Research Papers: Gas Turbines: Combustion, Fuels, and Emissions

Effects of Temperature and Particle Size on Deposition in Land Based Turbines

[+] Author and Article Information
Jared M. Crosby, Scott Lewis, Jeffrey P. Bons

Department of Mechanical Engineering, Brigham Young University, Provo, UT 84602

Weiguo Ai, Thomas H. Fletcher

Department of Chemical Engineering, Brigham Young University, Provo, UT 84602

J. Eng. Gas Turbines Power 130(5), 051503 (Jun 13, 2008) (9 pages) doi:10.1115/1.2903901 History: Received September 10, 2007; Revised December 13, 2007; Published June 13, 2008

Four series of tests were performed in an accelerated deposition test facility to study the independent effects of particle size, gas temperature, and metal temperature on ash deposits from two candidate power turbine synfuels (coal and petcoke). The facility matches the gas temperature and velocity of modern first stage high pressure turbine vanes while accelerating the deposition process. Particle size was found to have a significant effect on capture efficiency with larger particles causing significant thermal barrier coating (TBC) spallation during a 4 h accelerated test. In the second series of tests, particle deposition rate was found to decrease with decreasing gas temperature. The threshold gas temperature for deposition was approximately 960°C. In the third and fourth test series, impingement cooling was applied to the back side of the target coupon to simulate internal vane cooling. Capture efficiency was reduced with increasing mass flow of coolant air; however, at low levels of cooling, the deposits attached more tenaciously to the TBC layer. Postexposure analyses of the third test series (scanning electron microscopy and X-ray spectroscopy) show decreasing TBC damage with increased cooling levels.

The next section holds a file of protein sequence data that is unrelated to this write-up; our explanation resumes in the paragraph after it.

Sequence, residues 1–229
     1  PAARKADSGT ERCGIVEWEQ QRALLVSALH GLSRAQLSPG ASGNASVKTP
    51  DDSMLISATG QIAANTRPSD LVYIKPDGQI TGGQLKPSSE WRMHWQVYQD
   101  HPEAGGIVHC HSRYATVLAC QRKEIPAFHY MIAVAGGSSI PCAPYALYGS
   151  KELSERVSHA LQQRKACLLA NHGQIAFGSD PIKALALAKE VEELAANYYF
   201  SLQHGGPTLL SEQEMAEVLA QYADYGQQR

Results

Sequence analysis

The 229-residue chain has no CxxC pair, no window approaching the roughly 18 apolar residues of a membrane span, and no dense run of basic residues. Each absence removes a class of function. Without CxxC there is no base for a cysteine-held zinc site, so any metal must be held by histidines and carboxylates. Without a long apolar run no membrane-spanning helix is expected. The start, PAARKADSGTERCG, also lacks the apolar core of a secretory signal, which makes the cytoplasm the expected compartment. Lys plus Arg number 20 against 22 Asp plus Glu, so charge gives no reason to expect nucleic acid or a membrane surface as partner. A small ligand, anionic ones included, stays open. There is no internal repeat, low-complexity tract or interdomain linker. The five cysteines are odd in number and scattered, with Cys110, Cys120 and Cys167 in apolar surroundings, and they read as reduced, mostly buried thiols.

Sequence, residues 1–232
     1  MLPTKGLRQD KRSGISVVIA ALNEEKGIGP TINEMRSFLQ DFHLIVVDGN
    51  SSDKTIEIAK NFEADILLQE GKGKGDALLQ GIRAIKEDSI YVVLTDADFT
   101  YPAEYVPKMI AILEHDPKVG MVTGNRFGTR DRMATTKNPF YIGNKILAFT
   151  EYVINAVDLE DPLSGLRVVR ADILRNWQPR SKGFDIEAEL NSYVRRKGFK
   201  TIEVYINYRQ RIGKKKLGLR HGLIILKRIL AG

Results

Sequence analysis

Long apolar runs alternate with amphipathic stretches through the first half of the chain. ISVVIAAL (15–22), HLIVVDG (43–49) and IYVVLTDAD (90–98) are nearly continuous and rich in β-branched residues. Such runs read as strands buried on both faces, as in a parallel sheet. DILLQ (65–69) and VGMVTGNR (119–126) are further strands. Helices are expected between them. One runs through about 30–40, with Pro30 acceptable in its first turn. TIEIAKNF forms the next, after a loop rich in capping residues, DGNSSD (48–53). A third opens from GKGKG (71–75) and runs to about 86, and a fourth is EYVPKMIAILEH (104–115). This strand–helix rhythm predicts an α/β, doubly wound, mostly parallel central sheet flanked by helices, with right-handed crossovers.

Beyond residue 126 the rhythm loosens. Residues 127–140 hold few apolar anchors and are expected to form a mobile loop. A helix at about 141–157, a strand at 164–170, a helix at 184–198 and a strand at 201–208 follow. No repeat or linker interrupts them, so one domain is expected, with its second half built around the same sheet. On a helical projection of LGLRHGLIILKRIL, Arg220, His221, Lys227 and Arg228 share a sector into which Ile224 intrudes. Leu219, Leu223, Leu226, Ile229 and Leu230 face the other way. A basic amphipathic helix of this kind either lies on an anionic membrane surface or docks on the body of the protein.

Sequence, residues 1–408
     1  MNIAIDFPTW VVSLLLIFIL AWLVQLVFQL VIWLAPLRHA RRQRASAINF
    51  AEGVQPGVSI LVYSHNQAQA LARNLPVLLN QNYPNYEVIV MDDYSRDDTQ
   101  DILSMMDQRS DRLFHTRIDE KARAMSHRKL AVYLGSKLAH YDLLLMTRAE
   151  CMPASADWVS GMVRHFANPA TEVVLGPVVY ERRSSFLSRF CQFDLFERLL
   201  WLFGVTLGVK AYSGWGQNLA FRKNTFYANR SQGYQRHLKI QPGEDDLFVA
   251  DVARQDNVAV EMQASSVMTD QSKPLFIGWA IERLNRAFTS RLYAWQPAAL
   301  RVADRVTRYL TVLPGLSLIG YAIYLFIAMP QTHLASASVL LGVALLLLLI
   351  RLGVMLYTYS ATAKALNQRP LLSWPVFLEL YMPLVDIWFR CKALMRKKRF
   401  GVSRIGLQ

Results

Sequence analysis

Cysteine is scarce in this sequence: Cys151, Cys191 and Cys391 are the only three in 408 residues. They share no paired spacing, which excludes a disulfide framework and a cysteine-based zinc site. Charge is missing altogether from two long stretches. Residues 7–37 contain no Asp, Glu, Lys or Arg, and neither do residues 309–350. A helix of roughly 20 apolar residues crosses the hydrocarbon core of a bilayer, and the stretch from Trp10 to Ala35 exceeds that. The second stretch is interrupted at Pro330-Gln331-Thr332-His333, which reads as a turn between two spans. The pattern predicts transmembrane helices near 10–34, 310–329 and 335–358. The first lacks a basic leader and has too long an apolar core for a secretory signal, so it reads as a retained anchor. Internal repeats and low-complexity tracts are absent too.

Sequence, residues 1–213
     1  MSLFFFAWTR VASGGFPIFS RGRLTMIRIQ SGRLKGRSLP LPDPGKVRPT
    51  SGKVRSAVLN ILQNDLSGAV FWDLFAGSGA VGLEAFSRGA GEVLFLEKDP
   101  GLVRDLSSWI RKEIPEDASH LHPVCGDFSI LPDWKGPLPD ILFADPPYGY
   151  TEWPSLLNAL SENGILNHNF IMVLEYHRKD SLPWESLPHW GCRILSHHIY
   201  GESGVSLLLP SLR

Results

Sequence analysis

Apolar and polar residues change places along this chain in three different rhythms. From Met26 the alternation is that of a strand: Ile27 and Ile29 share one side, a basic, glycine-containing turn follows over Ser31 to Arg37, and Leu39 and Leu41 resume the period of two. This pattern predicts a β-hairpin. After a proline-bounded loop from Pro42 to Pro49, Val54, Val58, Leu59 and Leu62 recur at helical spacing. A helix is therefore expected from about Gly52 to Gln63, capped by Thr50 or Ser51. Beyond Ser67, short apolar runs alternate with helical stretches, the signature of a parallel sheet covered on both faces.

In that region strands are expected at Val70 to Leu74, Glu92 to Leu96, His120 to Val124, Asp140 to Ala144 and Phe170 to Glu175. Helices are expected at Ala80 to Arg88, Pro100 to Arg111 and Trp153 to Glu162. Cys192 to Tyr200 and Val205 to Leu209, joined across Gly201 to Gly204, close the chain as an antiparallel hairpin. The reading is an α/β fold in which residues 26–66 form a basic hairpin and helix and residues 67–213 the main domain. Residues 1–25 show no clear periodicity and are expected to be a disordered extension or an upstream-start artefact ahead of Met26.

Copyright © 2008 by American Society of Mechanical Engineers
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Figure 1

BYU Turbine Accelerated Deposition Facility schematic

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Figure 2

Equilibration tube exit temperature profile for standard testing conditions (M=0.25 and T=1183°C)

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Figure 3

Fixture designed to allow impingement cooling of turbine blade sample

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Figure 4

Measured front side and back side temperatures as a function of cooling

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Figure 5

Coal particle size distribution for four sizes tested

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Figure 6

ESEM images of smallest (top) and largest (bottom) size coal particles

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Figure 7

Post-test images of coupon subjected to 13μm particle size

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Figure 8

Micrograph image taken of turbine blade pressure surface deposits (flow direction is bottom to top)

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Figure 9

Effect of particle size on net capture efficiency

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Figure 10

Effect of gas temperature on net capture efficiency

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Figure 11

Digital images of postburn coupons at (from left to right) 1183°C, 1074°C, and 966°C

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Figure 12

Effect of gas temperature on deposit roughness

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Figure 13

Effect of cooling on net capture efficiency

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Figure 14

Remaining deposit thickness versus cooling level

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Figure 15

Typical image series of bottom (left), middle, and top (right) portions of 5.81g∕s coolant test sample

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Figure 16

Effect of cooling on deposit surface roughness

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Figure 17

Elemental comparison of ash, deposit, and penetration for coal impingement cooling series




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